3 Reasons to Sell Reddit Stock, 1 Big Reason to Buy

It’s been a volatile start to Reddit‘s (RDDT 2.01%) brief life as a publicly traded company. The network of interest-fueled community discussion boards erupted higher in its first three days of trading. It has fallen sharply in each of the three subsequent days. The stock is basically back to where it was at the close of its first day on the market.

Where will it go next?

There are some pretty good reasons to steer clear of Reddit. There’s also a pretty big reason to stick it out. Let’s go over three red flags that can keep the stock back, and the one unlikely catalyst that could make this the next hot initial public offering (IPO) to deliver generational wealth to its early investors.

Three reasons to sell

The first red flag is simply a matter of current valuation. Reddit is trading for nearly 10 times trailing revenue. Reddit and Facebook parent Meta Platforms are trading at the same top-line multiple — 9.3 times last year’s revenue — as of Monday’s close. Reddit is growing a bit faster. Revenue rose 21% last year to Meta’s 16% top-line ascent, but Meta is consistently profitable. Reddit is just starting to turn that corner. As the market leader of social media stocks, Meta deserves a market premium. Reddit still has a lot to prove.

The second challenge for Reddit is monetization. Reddit isn’t Facebook or Instagram, visual platforms ripe for marketing missives. It’s a largely text-based forum. It may not seem fair to compare it to Nextdoor, a forum with a more hyperlocal approach to being a “community of communities” hub. Nextdoor lacks the sophistication and user fandom of Reddit, but it’s another money-losing platform that figured relying on user-generated content would be a profitable goldmine. Oh, and Nextdoor is fetching a multiple of just 4 times revenue.

It also doesn’t help that volunteer moderators and high-profile users have protested monetization efforts in the past. The was even a moderator walkout last summer.

The third red flag could be Reddit’s leadership. CEO Steve Huffman is a co-founder who came back to the company he started nine years ago. There are usually warm fuzzies when a co-founder comes back to the helm, but that might not be the case here. Users and employees aren’t enamored by Huffman. Just 60% of the employees polled on Glassdoor approve of Huffman as CEO. Reddit users may be even more critical. He hasn’t posted on the site since June of last year — likely keeping a low profile ahead of the IPO — but his last few posts have all been heavily downvoted.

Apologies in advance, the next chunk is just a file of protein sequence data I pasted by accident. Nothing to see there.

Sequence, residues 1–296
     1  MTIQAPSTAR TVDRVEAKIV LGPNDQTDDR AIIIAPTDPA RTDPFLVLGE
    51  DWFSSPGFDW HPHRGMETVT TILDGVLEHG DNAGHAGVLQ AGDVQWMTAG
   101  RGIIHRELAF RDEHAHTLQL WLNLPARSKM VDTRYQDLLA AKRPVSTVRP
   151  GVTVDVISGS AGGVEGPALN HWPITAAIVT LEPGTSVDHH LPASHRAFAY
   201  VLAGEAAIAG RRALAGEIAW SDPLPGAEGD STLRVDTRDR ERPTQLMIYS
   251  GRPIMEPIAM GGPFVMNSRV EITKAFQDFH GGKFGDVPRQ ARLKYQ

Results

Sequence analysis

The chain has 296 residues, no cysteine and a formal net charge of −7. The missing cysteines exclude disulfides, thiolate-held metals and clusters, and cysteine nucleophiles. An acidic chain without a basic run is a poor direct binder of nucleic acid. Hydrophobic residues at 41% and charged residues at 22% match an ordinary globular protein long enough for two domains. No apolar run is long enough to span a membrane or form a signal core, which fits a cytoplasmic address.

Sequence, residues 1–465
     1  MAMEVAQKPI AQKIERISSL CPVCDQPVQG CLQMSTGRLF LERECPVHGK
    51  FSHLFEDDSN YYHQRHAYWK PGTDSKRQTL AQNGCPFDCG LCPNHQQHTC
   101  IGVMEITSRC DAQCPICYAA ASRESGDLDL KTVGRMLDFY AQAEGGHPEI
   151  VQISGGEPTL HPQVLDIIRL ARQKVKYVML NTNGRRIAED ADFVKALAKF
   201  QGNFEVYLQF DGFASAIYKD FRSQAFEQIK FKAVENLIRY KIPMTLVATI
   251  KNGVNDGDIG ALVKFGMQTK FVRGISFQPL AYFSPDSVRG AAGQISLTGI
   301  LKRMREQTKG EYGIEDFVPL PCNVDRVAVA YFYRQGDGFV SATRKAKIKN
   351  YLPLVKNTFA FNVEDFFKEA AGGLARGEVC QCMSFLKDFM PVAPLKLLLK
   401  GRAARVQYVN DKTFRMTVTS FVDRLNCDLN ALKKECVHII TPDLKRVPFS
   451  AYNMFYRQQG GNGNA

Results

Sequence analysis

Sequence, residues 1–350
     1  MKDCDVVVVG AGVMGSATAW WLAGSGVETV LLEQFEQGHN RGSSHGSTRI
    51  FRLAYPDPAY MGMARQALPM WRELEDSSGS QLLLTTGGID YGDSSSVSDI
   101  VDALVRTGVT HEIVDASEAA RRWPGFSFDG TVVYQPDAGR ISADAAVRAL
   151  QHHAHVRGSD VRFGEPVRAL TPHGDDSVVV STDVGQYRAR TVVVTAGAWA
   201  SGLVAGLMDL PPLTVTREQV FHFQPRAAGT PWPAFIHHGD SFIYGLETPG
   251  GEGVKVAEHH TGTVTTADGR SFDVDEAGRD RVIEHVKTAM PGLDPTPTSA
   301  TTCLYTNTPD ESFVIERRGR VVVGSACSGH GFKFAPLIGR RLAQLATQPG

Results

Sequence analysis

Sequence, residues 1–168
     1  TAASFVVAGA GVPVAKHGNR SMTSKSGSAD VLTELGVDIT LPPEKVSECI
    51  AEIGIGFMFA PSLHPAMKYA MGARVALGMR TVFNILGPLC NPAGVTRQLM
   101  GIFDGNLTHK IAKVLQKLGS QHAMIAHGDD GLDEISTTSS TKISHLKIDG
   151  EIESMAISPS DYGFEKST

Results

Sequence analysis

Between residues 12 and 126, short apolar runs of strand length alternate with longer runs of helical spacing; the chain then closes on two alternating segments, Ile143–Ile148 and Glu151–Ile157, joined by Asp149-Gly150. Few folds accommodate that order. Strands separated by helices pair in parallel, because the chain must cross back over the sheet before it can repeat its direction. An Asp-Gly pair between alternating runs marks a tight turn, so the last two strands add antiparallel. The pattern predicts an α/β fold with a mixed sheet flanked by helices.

Someone surprised by what they're seeing on the phone.

Image source: Getty Images.

A big reason to buy

It may not seem possible, but the first two red flags actually combine for a strong green flag here. If Reddit can crack the code of monetizing its platform without alienating its vocal user base, its revenue would soar, its profitability could emerge, and its relative valuation to Meta wouldn’t be problematic anymore.

Meta has a much larger audience, but divide last year’s top line by its 2.11 billion daily active users and you arrive at roughly $5 a month. Work the same math on Reddit’s $804 million in revenue and the business is generating less than $1 a month for each of its 73 million active users.

The ceiling is high for Reddit. It’s a marketer’s dream, a largely young audience that isn’t typically exposed to brand marketing. Almost a third of them aren’t on Facebook. More than half of them aren’t on X. A daily logged-in user spends an average of 25 to 30 minutes engaging with the platform, and nearly two-thirds of them have a household annual income greater than $75,000. With more than 100,000 communities, an advertiser can target more effectively to reach an ideal audience. The user base will kick and scream as the ads grow and Reddit rolls out an e-commerce ecosystem, but the same thing happened to Meta and other successful platforms that critics figured could never be monetized efficiently. Criticism should fade once Reddit pushes out a contributor program to help share the wealth with its more prolific users. It’s hard to complain that a platform is selling out when its most magnetic contributors are in on the selling.

Reddit is risky and overvalued right now. The obvious transformation of the business can change everything.

Randi Zuckerberg, a former director of market development and spokeswoman for Facebook and sister to Meta Platforms CEO Mark Zuckerberg, is a member of The Motley Fool’s board of directors. Rick Munarriz has no position in any of the stocks mentioned. The Motley Fool has positions in and recommends Meta Platforms and Nextdoor. The Motley Fool has a disclosure policy.

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